Medications for attention deficit hyperactivity disorder associated with increased risk of developing glaucoma

Key Takeaways

  • New research suggests that ADHD medications can increase the risk of developing both angle closure and open angle glaucoma.
  • Given the prevalence of ADHD medication use, their associated risk of glaucoma may have profound public health implications.

Attention deficit hyperactivity disorder (ADHD) therapies including atomoxetine, methylphenidate, and amphetamines are some of the most prescribed medications in North America. These drugs are contraindicated in patients with a history of angle closure glaucoma (ACG), a type of glaucoma characterized by blockage of the drainage angle, but their effect on open angle glaucoma (OAG) is unknown.

Rami Darwich and colleagues conducted a retrospective cohort study with a case control analysis using the PharMetrics Plus Database to study the relationship between ADHD medication use and glaucoma. (A retrospective cohort study uses the medical records of groups of individuals who are alike in many ways but differ by a certain characteristic, e.g., ADHD medication use). The team created a cohort of new users of atomoxetine, methylphenidate, and amphetamines and they were followed to the first diagnosis of (1) ACG or OAG; or (2) end of follow up. For each case, four age-matched controls were selected. A total of 240,257 new users of the ADHD medications were identified.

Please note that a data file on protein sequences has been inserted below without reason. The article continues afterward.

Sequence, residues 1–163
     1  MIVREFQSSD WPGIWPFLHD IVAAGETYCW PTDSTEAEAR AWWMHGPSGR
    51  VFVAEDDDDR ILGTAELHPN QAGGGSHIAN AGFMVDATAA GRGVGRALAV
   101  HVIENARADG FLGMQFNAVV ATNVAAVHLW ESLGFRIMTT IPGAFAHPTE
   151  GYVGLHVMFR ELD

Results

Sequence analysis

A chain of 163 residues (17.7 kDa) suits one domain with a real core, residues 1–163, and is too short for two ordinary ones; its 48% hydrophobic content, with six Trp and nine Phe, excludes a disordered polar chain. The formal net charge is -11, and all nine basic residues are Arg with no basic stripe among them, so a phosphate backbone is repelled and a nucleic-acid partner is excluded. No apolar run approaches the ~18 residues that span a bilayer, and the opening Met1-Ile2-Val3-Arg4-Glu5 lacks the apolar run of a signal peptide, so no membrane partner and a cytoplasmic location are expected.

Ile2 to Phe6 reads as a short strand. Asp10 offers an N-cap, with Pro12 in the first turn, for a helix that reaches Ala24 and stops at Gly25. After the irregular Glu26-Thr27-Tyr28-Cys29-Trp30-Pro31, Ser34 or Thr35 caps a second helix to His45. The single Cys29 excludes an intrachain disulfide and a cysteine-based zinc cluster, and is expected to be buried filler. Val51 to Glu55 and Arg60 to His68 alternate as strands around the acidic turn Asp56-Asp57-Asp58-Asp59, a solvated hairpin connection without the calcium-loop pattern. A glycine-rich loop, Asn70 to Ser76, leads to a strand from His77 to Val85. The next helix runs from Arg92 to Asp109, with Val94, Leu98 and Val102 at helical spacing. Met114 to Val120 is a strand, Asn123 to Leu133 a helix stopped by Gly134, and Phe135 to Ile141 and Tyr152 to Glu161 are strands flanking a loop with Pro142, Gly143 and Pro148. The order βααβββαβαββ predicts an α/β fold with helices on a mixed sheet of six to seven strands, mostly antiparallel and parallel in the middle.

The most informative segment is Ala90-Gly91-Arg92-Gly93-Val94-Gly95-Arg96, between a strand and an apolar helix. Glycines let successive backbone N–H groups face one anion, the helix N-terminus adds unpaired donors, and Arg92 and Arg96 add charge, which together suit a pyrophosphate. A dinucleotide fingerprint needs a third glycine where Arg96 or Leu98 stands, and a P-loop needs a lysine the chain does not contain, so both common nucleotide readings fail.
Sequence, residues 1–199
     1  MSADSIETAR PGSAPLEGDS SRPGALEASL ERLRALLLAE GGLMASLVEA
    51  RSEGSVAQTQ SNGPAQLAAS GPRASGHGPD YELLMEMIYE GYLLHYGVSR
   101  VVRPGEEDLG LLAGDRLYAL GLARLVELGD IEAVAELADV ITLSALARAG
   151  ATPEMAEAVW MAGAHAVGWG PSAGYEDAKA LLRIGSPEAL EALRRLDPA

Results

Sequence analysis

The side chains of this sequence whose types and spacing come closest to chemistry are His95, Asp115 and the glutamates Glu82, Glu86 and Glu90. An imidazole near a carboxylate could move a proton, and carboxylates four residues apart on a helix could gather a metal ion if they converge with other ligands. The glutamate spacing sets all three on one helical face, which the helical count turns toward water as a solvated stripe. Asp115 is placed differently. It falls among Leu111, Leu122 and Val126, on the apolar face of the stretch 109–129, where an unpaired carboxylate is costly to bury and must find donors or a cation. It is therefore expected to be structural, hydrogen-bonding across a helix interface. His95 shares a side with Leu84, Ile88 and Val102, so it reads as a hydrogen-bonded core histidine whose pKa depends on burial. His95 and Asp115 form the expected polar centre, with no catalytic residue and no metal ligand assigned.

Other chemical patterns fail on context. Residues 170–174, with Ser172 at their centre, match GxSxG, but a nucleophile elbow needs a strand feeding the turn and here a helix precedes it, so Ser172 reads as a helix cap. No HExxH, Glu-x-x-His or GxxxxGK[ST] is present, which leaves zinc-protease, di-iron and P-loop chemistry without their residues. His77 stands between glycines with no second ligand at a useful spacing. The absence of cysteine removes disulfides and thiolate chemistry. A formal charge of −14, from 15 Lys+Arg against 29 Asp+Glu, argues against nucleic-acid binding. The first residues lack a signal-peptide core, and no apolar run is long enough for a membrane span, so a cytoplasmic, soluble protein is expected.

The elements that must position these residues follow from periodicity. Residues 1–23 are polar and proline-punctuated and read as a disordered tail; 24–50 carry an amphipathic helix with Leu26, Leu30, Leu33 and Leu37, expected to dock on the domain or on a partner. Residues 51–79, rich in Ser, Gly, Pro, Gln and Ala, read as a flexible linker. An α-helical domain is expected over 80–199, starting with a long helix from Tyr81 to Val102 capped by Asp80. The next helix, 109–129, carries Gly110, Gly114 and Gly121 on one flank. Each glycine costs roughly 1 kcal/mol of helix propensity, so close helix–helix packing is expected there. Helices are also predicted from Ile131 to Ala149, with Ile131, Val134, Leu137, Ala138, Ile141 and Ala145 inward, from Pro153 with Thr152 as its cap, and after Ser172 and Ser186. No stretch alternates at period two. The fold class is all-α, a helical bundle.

The researchers found that patients who used amphetamines and atomoxetine had a higher risk for ACG, while use of methylphenidate was associated with a higher risk for OAG. The authors conclude, “Given the prevalence of ADHD medication use (medically and recreationally), our current data on their associated risk of glaucoma have profound public health implications”.

Source: Darwich, R., et al, Eye, May 6, 2024;